With three mayoral candidates, Second Ward is ‘war zone’

Published 12:00 am Saturday, August 31, 2002

As the primaries are nearing, Albert Lea mayoral candidates are starting to campaign more and more. Radio ads are going on the air and things are heating up a bit more than usual. With five strong candidates, it is not yet becoming clear who are the favorites, but in one area of town this race seems to have an even more complex problem.

When someone runs for office they can usually expect good support from their neighbors. But in Ward Two, where three candidates live, the three candidates are each other’s neighbors.

Mark Anderson, Jean Eaton and Tony Trow all live within walking distance, even yelling distance, from each other on Park Avenue. Their neighborhood is on Fountain Lake where Lakeview Boulevard and Fountain Street merge together.

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&uot;It’s sort of looks like a sign farm around there,&uot; said Anderson, describing the Park Avenue neighborhood in which every house seems to have a mayor candidate’s sign.

Eaton and Trow live directly across the street from each other and Anderson just around the corner, so the mayoral race is much more than just a city race &045; it is a battle between neighbors.

&uot;We’re friends with the Eatons and we are going to stay friends with the Eatons,&uot; said Trow.

So is the neighborhood a hotbed of political action? Is it as Arlington, Va. is to Washington, DC? Trow said, &uot;It’s just by accident that we all live in the same area and are running for mayor.&uot;

Eaton said, &uot;We all respect each other and we really like each other.&uot; She added, &uot;We all just happen to live in the same neighborhood and happen to have very strong opinions.&uot;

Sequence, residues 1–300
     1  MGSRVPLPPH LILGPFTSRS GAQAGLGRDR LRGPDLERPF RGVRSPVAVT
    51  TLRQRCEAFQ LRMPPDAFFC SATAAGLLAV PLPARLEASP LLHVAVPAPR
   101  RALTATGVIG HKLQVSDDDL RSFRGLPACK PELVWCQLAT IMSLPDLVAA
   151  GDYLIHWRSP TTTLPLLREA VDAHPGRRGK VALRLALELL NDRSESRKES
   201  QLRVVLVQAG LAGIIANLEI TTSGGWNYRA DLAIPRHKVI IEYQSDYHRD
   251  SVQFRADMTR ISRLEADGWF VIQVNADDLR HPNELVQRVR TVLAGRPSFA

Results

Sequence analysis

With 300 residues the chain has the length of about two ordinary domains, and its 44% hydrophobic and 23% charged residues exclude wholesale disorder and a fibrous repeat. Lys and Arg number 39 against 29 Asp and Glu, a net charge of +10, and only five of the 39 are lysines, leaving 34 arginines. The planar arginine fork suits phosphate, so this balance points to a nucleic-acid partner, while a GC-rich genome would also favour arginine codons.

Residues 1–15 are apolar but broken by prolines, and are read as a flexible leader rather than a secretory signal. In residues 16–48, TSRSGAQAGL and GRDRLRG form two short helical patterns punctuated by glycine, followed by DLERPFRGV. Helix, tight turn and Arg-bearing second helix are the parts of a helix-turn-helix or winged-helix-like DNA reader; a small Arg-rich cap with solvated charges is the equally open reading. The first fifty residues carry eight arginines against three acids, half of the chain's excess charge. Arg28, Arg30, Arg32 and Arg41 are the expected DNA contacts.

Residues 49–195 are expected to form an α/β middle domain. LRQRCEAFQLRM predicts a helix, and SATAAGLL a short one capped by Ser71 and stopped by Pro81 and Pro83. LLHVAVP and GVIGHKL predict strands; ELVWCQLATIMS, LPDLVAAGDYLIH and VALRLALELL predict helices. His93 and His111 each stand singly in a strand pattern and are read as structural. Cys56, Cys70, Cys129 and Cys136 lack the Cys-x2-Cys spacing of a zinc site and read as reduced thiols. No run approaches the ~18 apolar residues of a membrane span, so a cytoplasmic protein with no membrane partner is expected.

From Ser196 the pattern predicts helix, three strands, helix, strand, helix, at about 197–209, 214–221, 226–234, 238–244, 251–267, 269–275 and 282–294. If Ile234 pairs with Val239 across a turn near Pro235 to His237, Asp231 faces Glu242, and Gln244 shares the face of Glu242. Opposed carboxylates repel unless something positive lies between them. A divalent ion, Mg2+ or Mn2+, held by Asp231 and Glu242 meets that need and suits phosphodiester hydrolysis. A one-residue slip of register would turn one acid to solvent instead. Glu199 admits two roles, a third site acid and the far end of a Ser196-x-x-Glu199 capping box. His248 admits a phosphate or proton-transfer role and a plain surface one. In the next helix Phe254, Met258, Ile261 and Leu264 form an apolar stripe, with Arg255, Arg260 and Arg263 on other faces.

The other two candidates for mayor, George Marin and Don Mathison, also share a ward: the third, where they faced off for a city council seat two years ago.

In Ward Two, the neighbors of the candidates are not shy about who their choices are. The streets around their houses are plastered with signs for each candidate.

So was it tough for these neighbors to make up their minds?

&uot;Not for me,&uot; said Dick Paul, a retired executive with the Boy Scouts of America who lives on Park Ave. &uot;I had no difficulty,&uot; he said, pointing to his front lawn sign promoting Eaton. &uot;She’s a go-getter.&uot;

Paul said he is very interested in the neighborhood race, but thinks that the reason behind it isn’t anything to do with the area. &uot;It’s fascinating that they are so heavy right here on Park. But it’s just by coincidence,&uot; he said. &uot;I don’t think anyone is calling this an activist community.&uot;

Just around the corner from Paul, Karen Smed, who is working on Trow’s campaign, said, &uot;We laughingly call this place ‘The War Zone.’&uot;

&uot;Your have to have an opinion and you can only support one candidate when you go to the polls,&uot; said Smed. Consequently, people in the neighborhood have not had problems putting up signs. &uot;Everyone pretty much already knows everyone else’s political leanings, so there are no big surprises.&uot;

One of the biggest surprises is the yard of Mark Jones on Fountain Street. Jones, when approached by someone with the Trow campaign, agreed to put up a sign. &uot;I told her that if anyone else wanted to put up a sign then they could,&uot; he explained.

A few weeks later he was asked to put up a sign by both Anderson’s and Eaton’s campaigns, both of which he agreed to. Jones now has the signs of each mayoral candidate from the Second Ward and others for both the state legislature and the sheriff’s race.

Jones said he knows each one of the candidates. &uot;It’s kind of hard to turn them down when you know them,&uot; he said, laughing.